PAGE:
Anti-Terrorism | Toxic Exposure
9/11 Victim Compensation Fund
No longer accepting claims for this case
PERMANENT FUNDING FOR 9/11 FIRST RESPONDERS AND SURVIVORS SIGNED INTO LAW
July 29, 2019
Signed into law, the Never Forget the Heroes: James Zadroga, Ray Pfeifer, and Luis Alvarez Permanent Authorization of the September 11th Victim Compensation Fund Act extends a funding deadline for victims from December 2020 to October 2090, granting permanent funding for the duration of the survivors’ lives. The law removes a total dollar amount for the fund, ensuring that monetary awards will be provided as needed. Read more.
Zadroga Act Broadened the 9/11 VCF
The United States government opened the original September 11 Victim Compensation Fund (VCF I) in response to the horrific acts of terrorism on September 11, 2001. This fund went to support the children, parents and spouses left behind by the 9/11 victims and was closed in 2004. Nine years after 9/11, the fund was re-authorized by Congress and reopened in response to the growing number of first responders, clean-up workers and residents who began suffering from a number of different illnesses, including cancer and lung diseases, and dying years after being exposed to toxic chemicals and carcinogens at the attack sites.
Originally named “The James Zadroga 9/11 Health and Compensation Act of 2010” in honor of the late James Zadroga—a New York City police officer and 9/11 first responder whose death from respiratory disease was the first attributed to 9/11 toxin exposure—the Zadroga Act broadened the scope of the Victim Compensation Fund, enabling more people who suffered physical injury, illness or death as a result of the 9/11 attacks to obtain economic relief through the program.
Among those eligible for the 9/11 Victim Compensation Fund (VCF II) are:
- Canal Street area residents
- Cleanup workers
- Construction and sanitation personnel
- First responders
- Individuals who worked or volunteered in the areas of the three crash sites
Originally set to expire in December 2020, Congress voted in July 2019 to extend the Victim Compensation Fund to October 2090, granting permanent funding for first responders and survivors. Re-named the Never Forget the Heroes: James Zadroga, Ray Pfeifer, and Luis Alvarez Permanent Authorization of the September 11th Victim Compensation Fund Act, the law removes a total monetary cap for the fund, promising to fund awards as needed.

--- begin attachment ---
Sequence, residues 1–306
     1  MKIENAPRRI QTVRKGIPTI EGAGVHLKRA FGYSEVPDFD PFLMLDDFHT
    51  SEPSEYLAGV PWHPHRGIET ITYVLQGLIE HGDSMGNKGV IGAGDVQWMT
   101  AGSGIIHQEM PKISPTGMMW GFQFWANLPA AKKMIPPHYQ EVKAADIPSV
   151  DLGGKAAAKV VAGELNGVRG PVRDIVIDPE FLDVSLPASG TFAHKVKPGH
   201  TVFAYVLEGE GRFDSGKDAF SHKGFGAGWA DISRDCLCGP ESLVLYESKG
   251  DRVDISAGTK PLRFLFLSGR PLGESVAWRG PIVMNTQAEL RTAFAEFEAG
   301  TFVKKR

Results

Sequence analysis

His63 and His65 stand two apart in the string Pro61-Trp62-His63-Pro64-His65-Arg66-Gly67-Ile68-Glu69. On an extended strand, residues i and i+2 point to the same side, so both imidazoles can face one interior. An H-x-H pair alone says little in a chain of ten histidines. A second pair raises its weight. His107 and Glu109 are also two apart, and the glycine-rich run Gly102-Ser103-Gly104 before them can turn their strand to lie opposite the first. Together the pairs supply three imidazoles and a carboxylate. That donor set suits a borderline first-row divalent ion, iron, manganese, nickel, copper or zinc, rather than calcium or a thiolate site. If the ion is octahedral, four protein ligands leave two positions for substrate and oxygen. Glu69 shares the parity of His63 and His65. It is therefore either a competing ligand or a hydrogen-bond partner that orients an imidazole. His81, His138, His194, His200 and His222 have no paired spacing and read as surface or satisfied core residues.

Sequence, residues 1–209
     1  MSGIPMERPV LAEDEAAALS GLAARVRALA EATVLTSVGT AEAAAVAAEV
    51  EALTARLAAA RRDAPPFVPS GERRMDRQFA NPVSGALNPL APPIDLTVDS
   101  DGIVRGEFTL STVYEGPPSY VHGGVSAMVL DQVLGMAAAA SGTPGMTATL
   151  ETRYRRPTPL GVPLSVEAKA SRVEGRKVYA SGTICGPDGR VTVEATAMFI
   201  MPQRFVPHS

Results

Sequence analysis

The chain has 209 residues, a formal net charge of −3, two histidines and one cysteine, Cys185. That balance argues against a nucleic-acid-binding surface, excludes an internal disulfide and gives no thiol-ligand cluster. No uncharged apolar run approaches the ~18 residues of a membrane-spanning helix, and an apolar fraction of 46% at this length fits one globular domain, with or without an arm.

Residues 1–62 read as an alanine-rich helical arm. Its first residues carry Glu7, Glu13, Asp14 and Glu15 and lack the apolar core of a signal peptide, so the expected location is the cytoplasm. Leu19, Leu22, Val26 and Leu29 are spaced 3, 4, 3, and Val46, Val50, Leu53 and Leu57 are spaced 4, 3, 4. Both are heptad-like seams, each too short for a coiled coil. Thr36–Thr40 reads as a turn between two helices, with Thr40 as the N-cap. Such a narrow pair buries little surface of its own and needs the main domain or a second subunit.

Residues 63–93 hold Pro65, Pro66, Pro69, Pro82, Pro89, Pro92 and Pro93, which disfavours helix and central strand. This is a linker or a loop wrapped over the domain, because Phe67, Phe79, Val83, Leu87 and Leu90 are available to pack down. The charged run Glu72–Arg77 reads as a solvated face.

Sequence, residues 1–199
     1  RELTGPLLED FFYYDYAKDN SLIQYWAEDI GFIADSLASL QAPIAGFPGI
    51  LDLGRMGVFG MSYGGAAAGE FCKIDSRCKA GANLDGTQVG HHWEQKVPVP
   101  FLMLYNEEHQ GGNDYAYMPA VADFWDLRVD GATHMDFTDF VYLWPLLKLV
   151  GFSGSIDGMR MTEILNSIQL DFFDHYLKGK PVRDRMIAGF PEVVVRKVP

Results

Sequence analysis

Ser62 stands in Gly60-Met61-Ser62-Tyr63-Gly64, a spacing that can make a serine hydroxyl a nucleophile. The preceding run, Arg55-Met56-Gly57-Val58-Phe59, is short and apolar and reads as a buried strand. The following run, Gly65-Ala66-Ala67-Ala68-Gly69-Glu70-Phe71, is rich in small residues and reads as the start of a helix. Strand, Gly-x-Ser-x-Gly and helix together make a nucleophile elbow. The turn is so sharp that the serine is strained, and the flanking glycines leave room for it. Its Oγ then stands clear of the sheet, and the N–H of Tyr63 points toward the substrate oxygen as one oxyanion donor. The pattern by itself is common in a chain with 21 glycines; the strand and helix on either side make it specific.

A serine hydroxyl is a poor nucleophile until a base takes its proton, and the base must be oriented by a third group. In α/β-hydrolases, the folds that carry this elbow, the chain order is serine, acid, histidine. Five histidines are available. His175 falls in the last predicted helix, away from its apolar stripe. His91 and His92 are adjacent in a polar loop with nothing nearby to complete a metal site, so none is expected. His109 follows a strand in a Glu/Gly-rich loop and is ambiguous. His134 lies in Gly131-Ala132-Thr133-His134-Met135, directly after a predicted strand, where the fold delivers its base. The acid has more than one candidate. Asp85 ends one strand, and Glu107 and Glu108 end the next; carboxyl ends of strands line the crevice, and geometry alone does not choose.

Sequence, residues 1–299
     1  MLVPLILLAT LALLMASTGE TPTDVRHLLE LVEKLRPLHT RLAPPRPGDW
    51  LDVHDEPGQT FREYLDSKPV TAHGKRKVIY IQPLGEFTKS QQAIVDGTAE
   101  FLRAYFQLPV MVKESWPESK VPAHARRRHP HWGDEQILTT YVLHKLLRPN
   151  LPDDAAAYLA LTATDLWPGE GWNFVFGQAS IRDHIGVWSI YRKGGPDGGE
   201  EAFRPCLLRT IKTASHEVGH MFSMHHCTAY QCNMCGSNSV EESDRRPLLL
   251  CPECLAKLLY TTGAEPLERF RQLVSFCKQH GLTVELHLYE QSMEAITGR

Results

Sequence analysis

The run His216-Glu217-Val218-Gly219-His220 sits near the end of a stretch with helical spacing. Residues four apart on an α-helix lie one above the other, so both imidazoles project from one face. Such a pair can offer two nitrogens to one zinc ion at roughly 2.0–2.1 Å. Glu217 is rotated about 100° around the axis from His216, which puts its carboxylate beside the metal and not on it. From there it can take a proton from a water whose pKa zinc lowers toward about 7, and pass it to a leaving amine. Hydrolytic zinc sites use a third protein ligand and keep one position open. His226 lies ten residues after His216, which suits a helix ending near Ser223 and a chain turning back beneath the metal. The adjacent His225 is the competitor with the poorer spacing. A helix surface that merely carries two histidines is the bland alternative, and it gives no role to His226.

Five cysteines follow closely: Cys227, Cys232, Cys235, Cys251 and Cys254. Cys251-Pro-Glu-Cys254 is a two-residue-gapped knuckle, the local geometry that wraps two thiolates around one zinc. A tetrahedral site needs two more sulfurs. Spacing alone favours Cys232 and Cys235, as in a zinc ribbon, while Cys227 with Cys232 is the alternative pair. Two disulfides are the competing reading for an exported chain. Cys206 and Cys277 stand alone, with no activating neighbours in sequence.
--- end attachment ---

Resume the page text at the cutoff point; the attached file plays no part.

9/11 Toxic Exposure Side Effects and VCF Eligibility
In a decision announced just one day before the 11th commemoration of 9/11, federal authorities added 58 types of cancers to the list of illnesses covered by the new Victim Compensation Fund. These cancers include, among others:
- Bone marrow
The full extent of health consequences resulting from 9/11 toxic exposure are still unknown, but many victims have been diagnosed with health problems such as:
- Acid reflux disease
- Chronic bronchitis
- Chronic obstructive pulmonary disease (COPD)
- Obstructive airway diseases
- Obstructive lung defects
- Occupational asthma (WTC Cough)
- Reactive airways dysfunction syndrome (RADS)
- Upper or lower airway disease
On Feb. 1, 2014, the WTC Health Program announced it will consider certain blood or bone marrow disorders as covered health conditions that are eligible to members for treatment. As in past additions by the WTC Health Program, we anticipate the 9/11 VCF to consider these modifications to the list of covered conditions.
Please note that if you already applied to the original Fund and received compensation for your injuries, you may not be eligible to re-apply to the new Victim Compensation Fund unless you can show that your injuries have substantially worsened or are different, new injuries.
9/11 Victim Compensation Fund Deadlines
In September 2016, the Department of Justice announced that it would extend its Victim Compensation Fund eligibility deadline for those known to have developed cancers linked to their exposure to toxic air and dust at the World Trade Center on 9/11/01. Instead of enforcing a two-year registration deadline that started from the date of diagnosis, the agency now, in most cases, starts from the day eligible victims were notified by a federal, state or local government official that their cancer was caused by WTC exposure. Generally, claimants are now considered to have registered on time if their registration is submitted within two years of the date they were notified. Read more on registration and claim filing deadlines.
For more information, visit www.vcf.gov/deadlines.
World Trade Center Health Program
The 9/11 Victim Compensation fund also established the World Trade Center Health Program (WTC Health Program) for the purpose of providing “medical monitoring and treatment for responders at the WTC and related sites in New York City, the Pentagon, and Shanksville, PA, and survivors who were in the New York City disaster area.” The WTC Health Program provides valuable research regarding the health impacts of the 9/11 attacks and regularly updates the types of conditions eligible for treatment under the program.
In the consolidated lawsuit In re September 11 Litigation, Motley Rice anti-terrorism lawyers represented and settled the claims of 56 of the 96 families who opted out of the original 9/11 VCF to pursue claims against aviation and security companies. In addition to providing greater answers, accountability and recourse to victims' families, the litigation helped provide public access to evidence in an archive of selected discovery materials gathered in the litigation.